The Royal Mail has offloaded its pensions liability onto the government. Can some charities do the same? David Davison investigates.
At the end of March the EU approved plans to allow the UK government to provide the Royal Mail Group (“RMG”) with financial support relating to ‘excessive pension costs’ and to provide restructuring aid consisting of a debt reduction amounting to around £1.1bn in total.
RMG, 100 per cent state-owned through the Royal Mail Holdings, had a monopoly over certain letter services until the end of 2005 at which point the postal market was opened up to competition. The government effectively accepted that the pensions accrued prior to this date were the responsibility of the state and represented an unreasonable burden on RMG which would impact on their future competitive position and limit their privatisation options.
The government therefore intends to transfer around £37.5bn of liabilities from the Royal Mail Pension Plan (“RMPP”) to a newly established unfunded public pension scheme. The move will result in a windfall to the Treasury with around £28bn of assets also being transferred.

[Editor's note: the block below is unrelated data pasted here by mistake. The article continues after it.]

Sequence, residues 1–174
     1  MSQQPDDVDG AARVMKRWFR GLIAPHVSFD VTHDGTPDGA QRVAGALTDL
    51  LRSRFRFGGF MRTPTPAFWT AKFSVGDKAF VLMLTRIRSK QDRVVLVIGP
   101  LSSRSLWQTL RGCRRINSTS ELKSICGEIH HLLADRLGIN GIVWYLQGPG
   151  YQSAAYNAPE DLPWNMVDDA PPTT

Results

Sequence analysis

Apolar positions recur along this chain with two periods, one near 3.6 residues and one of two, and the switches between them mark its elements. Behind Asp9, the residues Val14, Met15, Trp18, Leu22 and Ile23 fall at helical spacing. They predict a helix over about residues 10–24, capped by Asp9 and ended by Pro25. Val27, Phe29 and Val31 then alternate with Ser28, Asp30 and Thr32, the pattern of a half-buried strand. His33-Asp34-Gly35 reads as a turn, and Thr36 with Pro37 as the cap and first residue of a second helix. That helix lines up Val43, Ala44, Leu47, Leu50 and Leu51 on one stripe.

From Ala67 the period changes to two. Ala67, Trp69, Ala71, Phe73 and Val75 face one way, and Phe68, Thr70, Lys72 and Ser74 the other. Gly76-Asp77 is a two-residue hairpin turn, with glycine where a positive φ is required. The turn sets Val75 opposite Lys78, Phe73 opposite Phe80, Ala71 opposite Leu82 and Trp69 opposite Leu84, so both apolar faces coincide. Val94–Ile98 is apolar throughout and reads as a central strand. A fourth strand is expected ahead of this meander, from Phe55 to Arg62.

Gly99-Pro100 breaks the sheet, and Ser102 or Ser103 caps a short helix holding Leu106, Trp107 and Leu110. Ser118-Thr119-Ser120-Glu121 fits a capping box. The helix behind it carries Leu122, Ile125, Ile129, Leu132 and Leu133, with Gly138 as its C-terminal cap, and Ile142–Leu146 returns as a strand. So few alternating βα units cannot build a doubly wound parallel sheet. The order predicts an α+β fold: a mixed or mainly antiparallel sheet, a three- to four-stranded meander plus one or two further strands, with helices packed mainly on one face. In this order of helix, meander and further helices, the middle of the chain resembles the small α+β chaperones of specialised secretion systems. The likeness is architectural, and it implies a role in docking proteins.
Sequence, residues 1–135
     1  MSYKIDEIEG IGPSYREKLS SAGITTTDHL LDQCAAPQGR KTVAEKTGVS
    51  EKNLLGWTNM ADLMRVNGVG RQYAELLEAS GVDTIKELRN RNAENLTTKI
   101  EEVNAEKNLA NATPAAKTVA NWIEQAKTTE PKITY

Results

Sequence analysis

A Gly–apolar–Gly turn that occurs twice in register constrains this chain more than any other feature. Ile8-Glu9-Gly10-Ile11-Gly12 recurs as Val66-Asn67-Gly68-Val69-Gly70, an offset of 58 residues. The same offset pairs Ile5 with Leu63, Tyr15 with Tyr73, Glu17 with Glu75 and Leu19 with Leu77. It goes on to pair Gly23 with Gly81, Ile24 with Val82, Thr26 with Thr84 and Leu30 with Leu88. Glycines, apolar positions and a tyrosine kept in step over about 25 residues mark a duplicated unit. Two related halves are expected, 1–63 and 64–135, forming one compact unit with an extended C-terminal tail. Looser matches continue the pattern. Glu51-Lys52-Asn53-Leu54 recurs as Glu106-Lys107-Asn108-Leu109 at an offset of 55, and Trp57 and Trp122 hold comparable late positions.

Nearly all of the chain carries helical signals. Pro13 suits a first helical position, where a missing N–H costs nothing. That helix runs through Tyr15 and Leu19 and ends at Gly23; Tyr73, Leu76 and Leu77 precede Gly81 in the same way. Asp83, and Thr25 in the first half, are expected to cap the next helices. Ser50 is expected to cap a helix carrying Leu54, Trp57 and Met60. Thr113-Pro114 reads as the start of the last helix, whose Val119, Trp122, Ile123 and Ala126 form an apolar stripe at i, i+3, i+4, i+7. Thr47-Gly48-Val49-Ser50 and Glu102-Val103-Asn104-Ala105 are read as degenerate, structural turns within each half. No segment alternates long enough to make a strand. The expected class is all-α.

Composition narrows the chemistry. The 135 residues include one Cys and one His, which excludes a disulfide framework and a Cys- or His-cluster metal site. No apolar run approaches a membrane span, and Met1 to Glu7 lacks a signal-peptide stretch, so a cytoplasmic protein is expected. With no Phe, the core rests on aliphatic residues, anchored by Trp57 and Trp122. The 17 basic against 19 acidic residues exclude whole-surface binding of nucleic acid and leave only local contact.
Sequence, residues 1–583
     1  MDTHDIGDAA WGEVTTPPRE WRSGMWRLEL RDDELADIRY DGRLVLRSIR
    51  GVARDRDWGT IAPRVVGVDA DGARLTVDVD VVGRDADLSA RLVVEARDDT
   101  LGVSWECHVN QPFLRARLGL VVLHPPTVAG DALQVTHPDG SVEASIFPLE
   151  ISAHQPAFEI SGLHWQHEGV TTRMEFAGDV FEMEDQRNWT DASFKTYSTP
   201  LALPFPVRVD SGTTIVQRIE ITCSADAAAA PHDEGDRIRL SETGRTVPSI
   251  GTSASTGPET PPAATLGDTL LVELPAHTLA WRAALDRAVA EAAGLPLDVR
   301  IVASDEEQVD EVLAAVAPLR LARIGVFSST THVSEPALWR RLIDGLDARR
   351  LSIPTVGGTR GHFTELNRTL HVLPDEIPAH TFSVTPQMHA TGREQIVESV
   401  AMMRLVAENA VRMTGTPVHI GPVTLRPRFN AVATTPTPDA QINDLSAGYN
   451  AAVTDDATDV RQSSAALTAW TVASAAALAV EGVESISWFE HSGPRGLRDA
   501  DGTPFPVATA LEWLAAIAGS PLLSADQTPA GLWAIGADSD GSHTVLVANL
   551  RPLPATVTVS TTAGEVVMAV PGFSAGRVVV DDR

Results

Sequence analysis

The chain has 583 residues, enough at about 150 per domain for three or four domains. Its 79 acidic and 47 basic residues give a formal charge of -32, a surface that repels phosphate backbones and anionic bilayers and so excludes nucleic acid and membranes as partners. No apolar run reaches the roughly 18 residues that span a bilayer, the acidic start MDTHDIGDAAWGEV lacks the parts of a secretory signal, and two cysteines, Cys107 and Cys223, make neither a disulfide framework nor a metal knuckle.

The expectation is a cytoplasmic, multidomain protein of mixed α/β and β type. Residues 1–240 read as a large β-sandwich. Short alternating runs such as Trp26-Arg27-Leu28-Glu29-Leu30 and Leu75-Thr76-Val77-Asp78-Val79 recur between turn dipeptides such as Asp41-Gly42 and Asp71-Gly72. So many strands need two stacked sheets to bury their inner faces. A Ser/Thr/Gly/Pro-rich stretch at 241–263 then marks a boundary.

However the RMG scenario is not unique and very similar circumstances affect numerous leading UK charities. As the drive for the public sector to out-source the provision of many of its core services gathered pace over the last decade or so, many charities in the education, leisure and housing sectors, to name but a few, were established to assume responsibility for these services. As part of that process these organisations assumed responsibility for the pension provision of their staff frequently unaware of the wide-ranging and potentially devastating implications of such a move.
An organisation I recently looked at which was established in 2007 had around £20m of pension liabilities of which around £15m related to benefits accrued prior to their formation!
Within local government pension schemes (“LGPS”) the schemes are unable, or possibly unwilling, to split the liabilities between relevant employers and therefore just recognise the last employer as having responsibility for all of the pension liabilities. Frequently on transfer of pension rights the LGPS will make the assumption that the associated pension liabilities are 100 per cent funded on an on-going basis. Such an approach has serious cost implications for many of the organisations affected.